By JAMES TABABA
Aquaponics, a method of sustainable farming, has gained significant popularity in recent years. The ability to cultivate both fish and plants in a symbiotic environment has captured the attention of Edmund Ruhle and Elisa Canon, the couple behind Aquaponics Go Green. From humble beginnings to becoming pioneers in the aquaponics industry, they have transformed their passion into a successful venture.
Edmund, coming from a construction background rather than farming, initially viewed aquaponics as a hobby. After discovering the concept while studying fish farming, he built their first aquaponics setup in Taal, Batangas. However, the lack of available materials in the Philippines posed a challenge. Still, Edmund sourced fish tanks and other equipment from abroad, modifying them to suit their needs. Encountering such difficulties led them to realize the demand for aquaponics materials in the country.
From hobby to business
Elisa recalls how they started importing hydroton, a growing medium, due to its high price in the Philippines. However, upon receiving the items three weeks later, the sellers increased the prices, citing an unannounced change in supplier prices. As a result, Elisa decided to cancel the order.
Edmund said that “it is overpriced. It [was] very difficult to get something at that time in the Philippines to go to one shop and buy everything to build an aquaponics system.”
Driven by their own struggles in sourcing materials, Edmund and Elisa recognized the opportunity to fill the void in the market for aquaponics supplies in the Philippines. They decided to establish Aquaponics Go Green to provide a comprehensive range of products and services to support aspiring aquaponics enthusiasts. Their company quickly gained popularity and became a trusted source for aquaponics materials, offering complete setup options tailored to different production areas. Not only provide aquaponics supplies but also offer assistance and guidance to those interested in this sustainable farming method, catering to both commercial ventures and hobbyists.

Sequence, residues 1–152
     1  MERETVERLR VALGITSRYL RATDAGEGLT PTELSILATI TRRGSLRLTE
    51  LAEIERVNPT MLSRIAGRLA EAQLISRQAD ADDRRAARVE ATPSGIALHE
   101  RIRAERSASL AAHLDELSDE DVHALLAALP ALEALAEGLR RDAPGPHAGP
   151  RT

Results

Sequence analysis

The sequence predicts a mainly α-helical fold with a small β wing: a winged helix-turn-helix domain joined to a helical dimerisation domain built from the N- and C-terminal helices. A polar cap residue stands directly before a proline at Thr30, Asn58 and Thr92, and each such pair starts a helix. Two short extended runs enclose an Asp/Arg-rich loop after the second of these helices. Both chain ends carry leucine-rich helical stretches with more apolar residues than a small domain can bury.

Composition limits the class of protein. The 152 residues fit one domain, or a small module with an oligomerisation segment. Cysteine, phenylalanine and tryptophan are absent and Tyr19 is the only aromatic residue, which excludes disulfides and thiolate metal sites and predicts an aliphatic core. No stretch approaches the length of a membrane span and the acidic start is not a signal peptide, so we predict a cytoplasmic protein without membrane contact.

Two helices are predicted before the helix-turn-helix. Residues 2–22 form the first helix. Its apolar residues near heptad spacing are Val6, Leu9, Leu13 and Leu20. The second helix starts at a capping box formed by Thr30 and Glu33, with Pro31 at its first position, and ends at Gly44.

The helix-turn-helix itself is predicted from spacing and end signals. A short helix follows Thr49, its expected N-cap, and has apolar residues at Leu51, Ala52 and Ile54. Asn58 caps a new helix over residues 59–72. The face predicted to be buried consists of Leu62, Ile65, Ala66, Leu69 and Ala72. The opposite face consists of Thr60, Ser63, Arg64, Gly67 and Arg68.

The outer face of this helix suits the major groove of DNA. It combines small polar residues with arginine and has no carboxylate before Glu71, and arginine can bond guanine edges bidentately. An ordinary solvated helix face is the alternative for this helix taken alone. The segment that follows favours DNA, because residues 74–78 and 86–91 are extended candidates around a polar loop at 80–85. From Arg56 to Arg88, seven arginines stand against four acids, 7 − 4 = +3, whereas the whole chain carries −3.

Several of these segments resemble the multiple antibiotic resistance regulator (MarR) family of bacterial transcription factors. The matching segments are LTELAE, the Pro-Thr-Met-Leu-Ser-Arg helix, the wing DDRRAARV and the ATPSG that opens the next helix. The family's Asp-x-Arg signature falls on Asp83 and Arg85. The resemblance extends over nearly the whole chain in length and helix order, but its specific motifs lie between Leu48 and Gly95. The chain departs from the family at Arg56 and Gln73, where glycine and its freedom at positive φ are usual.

Edmund and Elisa emphasized the importance of knowledge sharing within the aquaponics community. Through online platforms and personal interactions, they connected with other aquaponics practitioners, gaining valuable insights and troubleshooting common challenges. This collective experience became a crucial asset as they nurtured their own aquaponic system and expanded their expertise.
Elisa observed a surge in aquaponics interest during the pandemic, fueled by the rise of the “plantita/plantito” phenomenon. As travel restrictions limited outdoor activities, many individuals turned to DIY projects, including aquaponics setups.